Today I was in Kitsalano learning how to make my own beeswax food wraps, the new way to reduce waste while keeping your food fresh. This was a free workshop come to life thanks to a grant from “Neighbourhood small grants” (link below). Everyday folks like me and you submit their project/ideas. Each one is reviewed and the ones approved get up to $500 worth of funding, to see their plan to fruition. This is for non profit so they will always be free.
So today I was one of a handful signed up to learn how to make their own beeswax wrap. This was the environmentally friendly way to replace saran wrap, and help reduce the amount of plastic that ends up in the landfill.
This began as a passion project for our teacher/host Ellen. She was gifted a few such commercial grade cloths from a friend, and when looking to purchase more, found out how expensive they really were. So through trial and error she managed to recreate her own beeswax wraps. And today she was here to teach others how to do the same; and not only save money, but the environment too.
You begin by choosing your desired fabric in 100% cotton and cut it down to size. You pick and choose however large or small you need your piece(a) to be. A range of sizes is best to cover sauce dishes to casserole pans. There is no right or wrong size, only the size you need.
Next you shave and shred bricks of beeswax. You can get some from “Main Street Honey Shoppe”, and actually don’t need too much to coat a square of fabric. And the consistency and size of each curl doesn’t actually matter, as it will all be melted in the end.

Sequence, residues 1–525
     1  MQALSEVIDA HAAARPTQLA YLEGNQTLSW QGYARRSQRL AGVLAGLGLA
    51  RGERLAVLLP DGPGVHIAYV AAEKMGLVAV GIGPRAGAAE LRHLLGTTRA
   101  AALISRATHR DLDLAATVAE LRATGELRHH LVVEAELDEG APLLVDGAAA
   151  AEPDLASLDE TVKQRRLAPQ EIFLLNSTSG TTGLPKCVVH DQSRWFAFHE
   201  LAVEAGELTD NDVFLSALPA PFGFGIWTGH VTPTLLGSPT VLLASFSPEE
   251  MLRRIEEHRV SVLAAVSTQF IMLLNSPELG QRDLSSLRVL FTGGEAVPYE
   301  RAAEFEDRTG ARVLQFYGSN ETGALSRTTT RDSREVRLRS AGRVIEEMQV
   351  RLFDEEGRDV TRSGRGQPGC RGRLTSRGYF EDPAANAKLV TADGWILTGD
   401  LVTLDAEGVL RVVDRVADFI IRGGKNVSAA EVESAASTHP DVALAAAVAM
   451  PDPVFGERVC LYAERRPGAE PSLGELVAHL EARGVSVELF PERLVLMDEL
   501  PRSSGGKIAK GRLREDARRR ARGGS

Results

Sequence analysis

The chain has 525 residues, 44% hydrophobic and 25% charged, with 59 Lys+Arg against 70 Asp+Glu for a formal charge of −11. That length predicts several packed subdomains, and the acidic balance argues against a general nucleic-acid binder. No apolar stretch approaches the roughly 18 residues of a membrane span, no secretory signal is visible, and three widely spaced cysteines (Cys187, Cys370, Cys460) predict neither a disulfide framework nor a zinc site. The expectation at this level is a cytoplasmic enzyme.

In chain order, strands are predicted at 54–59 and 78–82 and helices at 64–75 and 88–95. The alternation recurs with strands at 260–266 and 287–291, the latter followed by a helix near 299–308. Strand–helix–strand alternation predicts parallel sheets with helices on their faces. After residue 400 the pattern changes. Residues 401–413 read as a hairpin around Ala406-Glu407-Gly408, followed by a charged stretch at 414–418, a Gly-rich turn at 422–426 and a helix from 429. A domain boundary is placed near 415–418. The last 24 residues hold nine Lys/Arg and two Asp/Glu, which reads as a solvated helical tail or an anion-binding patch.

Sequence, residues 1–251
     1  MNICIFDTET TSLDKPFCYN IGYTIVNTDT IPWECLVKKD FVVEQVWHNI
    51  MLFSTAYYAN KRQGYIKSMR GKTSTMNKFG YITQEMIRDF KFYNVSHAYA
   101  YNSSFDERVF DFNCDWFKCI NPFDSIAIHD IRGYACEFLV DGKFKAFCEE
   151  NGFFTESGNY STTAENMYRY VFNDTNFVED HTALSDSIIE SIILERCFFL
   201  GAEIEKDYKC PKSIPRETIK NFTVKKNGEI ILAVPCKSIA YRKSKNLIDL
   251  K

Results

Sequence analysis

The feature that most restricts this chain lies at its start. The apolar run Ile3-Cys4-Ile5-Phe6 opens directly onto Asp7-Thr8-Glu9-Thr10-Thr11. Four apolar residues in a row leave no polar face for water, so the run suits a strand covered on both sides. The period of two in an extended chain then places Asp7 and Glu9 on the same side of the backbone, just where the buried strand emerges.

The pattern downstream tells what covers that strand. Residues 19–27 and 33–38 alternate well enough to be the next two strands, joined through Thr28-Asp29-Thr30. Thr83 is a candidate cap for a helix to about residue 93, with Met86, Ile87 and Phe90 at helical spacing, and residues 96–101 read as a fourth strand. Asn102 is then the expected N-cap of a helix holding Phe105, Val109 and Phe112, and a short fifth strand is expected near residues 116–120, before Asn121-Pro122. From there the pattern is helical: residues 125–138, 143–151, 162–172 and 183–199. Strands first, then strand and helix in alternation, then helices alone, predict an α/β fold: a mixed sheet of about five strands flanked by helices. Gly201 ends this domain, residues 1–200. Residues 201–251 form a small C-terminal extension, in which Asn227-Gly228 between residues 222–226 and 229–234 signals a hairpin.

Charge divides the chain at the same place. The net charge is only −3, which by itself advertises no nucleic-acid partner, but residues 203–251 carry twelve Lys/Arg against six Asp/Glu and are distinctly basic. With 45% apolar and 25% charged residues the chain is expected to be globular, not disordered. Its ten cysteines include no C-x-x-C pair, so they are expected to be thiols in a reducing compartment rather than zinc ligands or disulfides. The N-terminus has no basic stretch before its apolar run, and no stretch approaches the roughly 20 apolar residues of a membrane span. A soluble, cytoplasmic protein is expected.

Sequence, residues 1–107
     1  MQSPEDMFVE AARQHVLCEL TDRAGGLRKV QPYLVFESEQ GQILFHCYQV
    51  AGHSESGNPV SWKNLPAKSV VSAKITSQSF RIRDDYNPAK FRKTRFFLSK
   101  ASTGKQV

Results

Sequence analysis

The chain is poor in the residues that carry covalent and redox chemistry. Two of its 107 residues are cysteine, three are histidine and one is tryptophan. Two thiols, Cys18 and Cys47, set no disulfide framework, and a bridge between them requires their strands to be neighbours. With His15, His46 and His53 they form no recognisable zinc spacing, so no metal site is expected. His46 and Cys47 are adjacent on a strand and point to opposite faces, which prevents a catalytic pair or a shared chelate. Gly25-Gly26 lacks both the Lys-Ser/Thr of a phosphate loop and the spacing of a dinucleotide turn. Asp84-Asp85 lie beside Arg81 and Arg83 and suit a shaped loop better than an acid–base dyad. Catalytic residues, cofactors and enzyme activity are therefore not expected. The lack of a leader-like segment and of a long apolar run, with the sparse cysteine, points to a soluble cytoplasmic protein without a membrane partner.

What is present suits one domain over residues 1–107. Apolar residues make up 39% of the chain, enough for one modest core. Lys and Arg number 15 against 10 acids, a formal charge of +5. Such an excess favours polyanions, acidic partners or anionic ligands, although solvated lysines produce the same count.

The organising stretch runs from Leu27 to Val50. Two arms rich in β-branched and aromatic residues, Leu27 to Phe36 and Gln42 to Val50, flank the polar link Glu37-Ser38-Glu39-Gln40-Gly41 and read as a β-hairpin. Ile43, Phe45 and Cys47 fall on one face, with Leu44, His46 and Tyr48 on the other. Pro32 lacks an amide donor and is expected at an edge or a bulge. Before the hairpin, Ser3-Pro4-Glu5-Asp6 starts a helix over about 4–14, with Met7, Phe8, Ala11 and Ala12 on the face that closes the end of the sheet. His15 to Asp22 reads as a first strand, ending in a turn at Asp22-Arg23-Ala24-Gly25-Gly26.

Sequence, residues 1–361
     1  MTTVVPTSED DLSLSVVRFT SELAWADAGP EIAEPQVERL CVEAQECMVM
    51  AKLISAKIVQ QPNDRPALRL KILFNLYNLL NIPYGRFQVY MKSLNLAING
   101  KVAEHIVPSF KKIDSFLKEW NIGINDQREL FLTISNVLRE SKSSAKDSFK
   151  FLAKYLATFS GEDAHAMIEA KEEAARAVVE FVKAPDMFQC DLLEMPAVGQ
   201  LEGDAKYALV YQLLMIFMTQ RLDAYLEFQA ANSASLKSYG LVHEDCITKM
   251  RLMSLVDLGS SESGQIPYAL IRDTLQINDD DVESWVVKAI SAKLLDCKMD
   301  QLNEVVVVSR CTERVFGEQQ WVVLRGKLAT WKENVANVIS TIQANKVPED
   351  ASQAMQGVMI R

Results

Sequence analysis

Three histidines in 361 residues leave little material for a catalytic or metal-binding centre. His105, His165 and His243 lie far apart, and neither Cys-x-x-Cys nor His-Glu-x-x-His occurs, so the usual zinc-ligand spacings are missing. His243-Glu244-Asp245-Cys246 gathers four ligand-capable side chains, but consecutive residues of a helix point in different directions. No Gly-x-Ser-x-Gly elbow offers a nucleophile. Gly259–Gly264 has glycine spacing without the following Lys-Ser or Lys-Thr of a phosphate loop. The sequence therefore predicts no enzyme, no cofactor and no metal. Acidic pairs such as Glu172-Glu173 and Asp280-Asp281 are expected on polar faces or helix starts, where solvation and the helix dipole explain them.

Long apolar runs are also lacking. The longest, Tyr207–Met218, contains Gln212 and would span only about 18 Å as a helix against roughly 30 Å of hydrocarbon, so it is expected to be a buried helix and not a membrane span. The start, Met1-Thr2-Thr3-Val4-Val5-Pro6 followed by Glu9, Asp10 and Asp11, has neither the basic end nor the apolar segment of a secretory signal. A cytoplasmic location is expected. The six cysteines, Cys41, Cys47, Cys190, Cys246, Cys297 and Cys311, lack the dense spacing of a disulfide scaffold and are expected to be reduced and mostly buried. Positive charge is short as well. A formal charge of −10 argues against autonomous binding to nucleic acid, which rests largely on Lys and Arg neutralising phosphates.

Next you will need a hot iron, and a surface to iron on. Between two sheets of parchment paper you evenly sprinkle your shredded wax shavings over your desired cloth. One piece of wax paper at the bottom, and another over the cloth and the wax, on top.
You iron, melting the wax and dragging it across the entirety of the cloth. The goal is to have wax coat every inch of the fabric. And you only need to coat one side as the melted wax is fully absorbed into the cotton cloth.
After fully coated in wax, you remove your new beeswax cloth from in between the pieces of parchment and allow it to dry. They dry quick and you are ready to use it to wrap any thing right away. Any container, any leftover, any piece of half eaten fruit or vegetable. You can even use it to wrap crackers or small snacks in place of a zip lock bags. And the best part is that they are completely reusable. They keep for a year, or as long as you see fit. Ellen has been using hers for over a year now.
This was such a quick and easy workshop, and one that is useful for years to come. A d I hope you found this recap useful in recreating your own beeswax wrap.
And if you are interested in hosting your own small community project, visit the link below and fill out an application. The Vancouver Foundation works from February 9th to April 9th, so mark it on your calendars, and bookmark the page for other such projects to participate in for free.